The Wife and the tax compromise

1040sc_Page_1I’m playing cards (hearts) the day after my birthday, and someone mentioned preparing taxes. I noted that the Wife and I get someone else to do it for us. My friend did not understand. “It’s EASY with TurboTax” or some other software. I repeated that we outsource our tax prep because it was best for us to do so. My reaction was perceived as passionate, maybe even heated, although it did not feel that way to me. It was just what we do to insure domestic tranquility.

For one thing, I don’t think doing the taxes are that simple, as this post I came across notes. By the time you’ve gathered all the papers necessary to plug into some tax software, most of the crappy work that needs to be calculated has already been done.

The first year we filed together was a nightmare for me, and a real irritant for her. Here’s why: I had NEVER filled out an itemized tax form in my life. I had used Form 1040A, or, often Form 1040EZ, which is, as it suggests, easy.

The Wife, conversely, had rental property that involved filling out a Schedule C for income gain or loss on a business.

She also calculated her charitable deductions, including the value of the non-cash donations. Not only could I not be bothered to do that in the past, I had a philosophical aversion to it. I wasn’t giving to charity because it was deductible, I was giving because I was called to do so. There are a couple of friends of mine who run a Catholic charity which is, pointedly, NOT a 501(c) tax-deductible charity under IRS law, and they expect people to donate based on their heart, not as a tax haven. NOW I do it because my spouse thinks it’s fiscally prudent, and despite my antipathy for doing so, we do.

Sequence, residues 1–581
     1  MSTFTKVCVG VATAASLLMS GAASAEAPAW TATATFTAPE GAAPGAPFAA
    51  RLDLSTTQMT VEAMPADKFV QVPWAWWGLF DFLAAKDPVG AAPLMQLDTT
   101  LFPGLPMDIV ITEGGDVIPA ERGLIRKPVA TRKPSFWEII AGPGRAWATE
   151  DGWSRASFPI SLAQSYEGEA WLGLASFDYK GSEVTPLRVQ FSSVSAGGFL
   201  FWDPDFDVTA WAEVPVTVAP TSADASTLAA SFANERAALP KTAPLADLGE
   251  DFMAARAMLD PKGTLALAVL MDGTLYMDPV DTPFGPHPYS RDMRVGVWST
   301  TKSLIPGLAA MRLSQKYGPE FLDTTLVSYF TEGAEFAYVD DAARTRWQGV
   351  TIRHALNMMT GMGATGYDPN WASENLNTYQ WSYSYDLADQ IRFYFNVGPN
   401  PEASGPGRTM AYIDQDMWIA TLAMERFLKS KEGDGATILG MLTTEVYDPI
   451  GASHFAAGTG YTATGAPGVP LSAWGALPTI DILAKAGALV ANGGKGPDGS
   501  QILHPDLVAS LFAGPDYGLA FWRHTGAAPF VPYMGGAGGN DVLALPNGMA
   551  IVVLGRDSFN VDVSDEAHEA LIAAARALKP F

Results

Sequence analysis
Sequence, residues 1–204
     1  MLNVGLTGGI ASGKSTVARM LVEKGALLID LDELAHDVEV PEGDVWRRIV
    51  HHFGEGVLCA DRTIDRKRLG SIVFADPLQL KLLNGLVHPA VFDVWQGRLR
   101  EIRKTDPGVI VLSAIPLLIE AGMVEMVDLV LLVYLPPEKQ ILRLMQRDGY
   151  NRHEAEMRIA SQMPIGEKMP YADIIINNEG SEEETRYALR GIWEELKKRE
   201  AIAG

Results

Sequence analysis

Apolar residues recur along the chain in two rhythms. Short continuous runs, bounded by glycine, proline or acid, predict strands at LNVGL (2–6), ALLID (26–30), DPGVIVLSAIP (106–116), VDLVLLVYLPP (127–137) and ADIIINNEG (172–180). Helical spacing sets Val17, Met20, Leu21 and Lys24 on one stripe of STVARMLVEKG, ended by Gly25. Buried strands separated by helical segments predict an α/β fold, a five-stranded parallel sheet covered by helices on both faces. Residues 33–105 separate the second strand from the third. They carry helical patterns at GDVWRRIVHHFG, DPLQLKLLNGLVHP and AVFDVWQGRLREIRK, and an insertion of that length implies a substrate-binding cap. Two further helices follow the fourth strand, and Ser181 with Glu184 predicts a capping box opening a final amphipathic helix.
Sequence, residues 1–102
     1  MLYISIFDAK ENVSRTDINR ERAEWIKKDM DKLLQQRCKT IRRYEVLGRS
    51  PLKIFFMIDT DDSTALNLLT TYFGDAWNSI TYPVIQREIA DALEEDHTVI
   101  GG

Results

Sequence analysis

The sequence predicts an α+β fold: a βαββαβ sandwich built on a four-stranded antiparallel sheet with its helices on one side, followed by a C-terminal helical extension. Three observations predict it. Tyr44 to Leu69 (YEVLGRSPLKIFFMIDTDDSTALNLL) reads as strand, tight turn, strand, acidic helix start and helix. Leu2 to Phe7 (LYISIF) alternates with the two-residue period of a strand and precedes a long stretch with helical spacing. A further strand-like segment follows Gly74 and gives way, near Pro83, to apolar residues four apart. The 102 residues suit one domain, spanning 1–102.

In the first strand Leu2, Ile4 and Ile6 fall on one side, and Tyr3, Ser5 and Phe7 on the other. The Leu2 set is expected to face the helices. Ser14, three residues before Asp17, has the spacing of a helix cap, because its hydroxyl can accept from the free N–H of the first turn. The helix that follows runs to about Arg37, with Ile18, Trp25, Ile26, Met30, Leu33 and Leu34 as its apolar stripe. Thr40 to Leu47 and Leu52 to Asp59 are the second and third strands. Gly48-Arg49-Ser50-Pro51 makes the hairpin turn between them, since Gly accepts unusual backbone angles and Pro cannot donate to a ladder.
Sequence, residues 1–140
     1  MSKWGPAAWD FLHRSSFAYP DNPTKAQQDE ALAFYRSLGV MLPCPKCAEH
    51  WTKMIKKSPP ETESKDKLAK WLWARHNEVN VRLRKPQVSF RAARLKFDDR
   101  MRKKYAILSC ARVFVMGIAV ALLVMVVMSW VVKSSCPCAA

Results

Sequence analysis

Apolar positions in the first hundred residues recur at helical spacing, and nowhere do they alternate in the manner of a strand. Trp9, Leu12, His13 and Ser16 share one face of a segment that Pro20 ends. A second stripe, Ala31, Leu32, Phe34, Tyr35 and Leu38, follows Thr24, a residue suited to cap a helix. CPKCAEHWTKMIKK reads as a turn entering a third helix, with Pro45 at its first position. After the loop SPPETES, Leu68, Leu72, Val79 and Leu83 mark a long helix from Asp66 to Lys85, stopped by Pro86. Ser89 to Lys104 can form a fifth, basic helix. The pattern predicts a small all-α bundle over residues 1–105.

Those first two years of filing taxes, which took FOREVER, we got slapped with penalties for underpaying somehow. After that, we got someone else to do the work. Actually at least one of THOSE years, we paid too little again, but we were only responsible for the amount, NOT the penalty and interest, which came out of the pockets of the accountant.

The Wife and I are celebrating 15 years of marriage today, and one of the reasons is that we found a way not to make ourselves crazy each April.

5 thoughts on “The Wife and the tax compromise”

  1. The Wife and I each have our own small businesses, so our taxes are complicated. We pay an accountant to do our taxes so that we don’t have to closely follow changes in the tax law, and so we don’t inadvertently make a mistake that could be costly or criminal. Paying this guy saves us money, and yes, it keeps the marital discord to a minimum.


  2. When I first met my wife, she owed back taxes, and I set up a payment schedule to pay off the debt, I also demanded that we go to H & R Block, it was the right decision for both of us! We get money back each year, and the tax preparers guarantee their work. This weekend will make 12 years of happy marriage!


  3. Just yesterday, I found out something strange that makes me wonder about ever doing my own taxes again. Apparently, the W-2’s I’ve been getting since 2007, when I started working as a substitute teacher, have someone else’s social security number on them. This guy has the same name as me. And I know because I used to get his calls from bill collectors and the university that we both attended–and a couple of times, even his mail! Apparently, we were also BOTH substitute teachers in the same school system and there was some confusion and the district’s records show that he was getting paid and not me, even though they were directly deposited into MY bank account. (No one noticed for the last 7 years because the amount of money isn’t very much.)

    I’m working this all out now and getting it resolved with social security and with the district, but what a headache that turned into. Imagine if it was decades from now and I was trying to retire!

    Congratulations on your anniversary!


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